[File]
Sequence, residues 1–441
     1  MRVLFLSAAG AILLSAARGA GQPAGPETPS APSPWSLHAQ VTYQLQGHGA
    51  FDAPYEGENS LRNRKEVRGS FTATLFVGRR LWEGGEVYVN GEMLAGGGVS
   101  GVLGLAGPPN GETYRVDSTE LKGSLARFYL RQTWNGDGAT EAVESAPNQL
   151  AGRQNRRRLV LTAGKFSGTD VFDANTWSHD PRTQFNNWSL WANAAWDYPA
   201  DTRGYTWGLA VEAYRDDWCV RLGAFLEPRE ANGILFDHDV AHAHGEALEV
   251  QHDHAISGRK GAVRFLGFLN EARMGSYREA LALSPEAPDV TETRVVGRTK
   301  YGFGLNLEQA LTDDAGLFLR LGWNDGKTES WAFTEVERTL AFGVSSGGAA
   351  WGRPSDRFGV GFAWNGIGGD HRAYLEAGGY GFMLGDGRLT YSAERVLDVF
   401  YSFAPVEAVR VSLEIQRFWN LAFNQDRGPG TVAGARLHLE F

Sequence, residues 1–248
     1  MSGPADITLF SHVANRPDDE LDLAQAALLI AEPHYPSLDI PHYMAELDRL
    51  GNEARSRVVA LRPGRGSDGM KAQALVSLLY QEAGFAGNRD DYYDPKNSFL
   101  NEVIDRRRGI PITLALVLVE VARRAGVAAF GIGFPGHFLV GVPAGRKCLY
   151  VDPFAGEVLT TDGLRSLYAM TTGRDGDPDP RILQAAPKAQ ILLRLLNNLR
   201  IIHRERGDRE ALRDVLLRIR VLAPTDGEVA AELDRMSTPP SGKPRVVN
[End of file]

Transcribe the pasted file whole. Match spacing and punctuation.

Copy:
Sequence, residues 1–441
     1  MRVLFLSAAG AILLSAARGA GQPAGPETPS APSPWSLHAQ VTYQLQGHGA
    51  FDAPYEGENS LRNRKEVRGS FTATLFVGRR LWEGGEVYVN GEMLAGGGVS
   101  GVLGLAGPPN GETYRVDSTE LKGSLARFYL RQTWNGDGAT EAVESAPNQL
   151  AGRQNRRRLV LTAGKFSGTD VFDANTWSHD PRTQFNNWSL WANAAWDYPA
   201  DTRGYTWGLA VEAYRDDWCV RLGAFLEPRE ANGILFDHDV AHAHGEALEV
   251  QHDHAISGRK GAVRFLGFLN EARMGSYREA LALSPEAPDV TETRVVGRTK
   301  YGFGLNLEQA LTDDAGLFLR LGWNDGKTES WAFTEVERTL AFGVSSGGAA
   351  WGRPSDRFGV GFAWNGIGGD HRAYLEAGGY GFMLGDGRLT YSAERVLDVF
   401  YSFAPVEAVR VSLEIQRFWN LAFNQDRGPG TVAGARLHLE F

Sequence, residues 1–248
     1  MSGPADITLF SHVANRPDDE LDLAQAALLI AEPHYPSLDI PHYMAELDRL
    51  GNEARSRVVA LRPGRGSDGM KAQALVSLLY QEAGFAGNRD DYYDPKNSFL
   101  NEVIDRRRGI PITLALVLVE VARRAGVAAF GIGFPGHFLV GVPAGRKCLY
   151  VDPFAGEVLT TDGLRSLYAM TTGRDGDPDP RILQAAPKAQ ILLRLLNNLR
   201  IIHRERGDRE ALRDVLLRIR VLAPTDGEVA AELDRMSTPP SGKPRVVN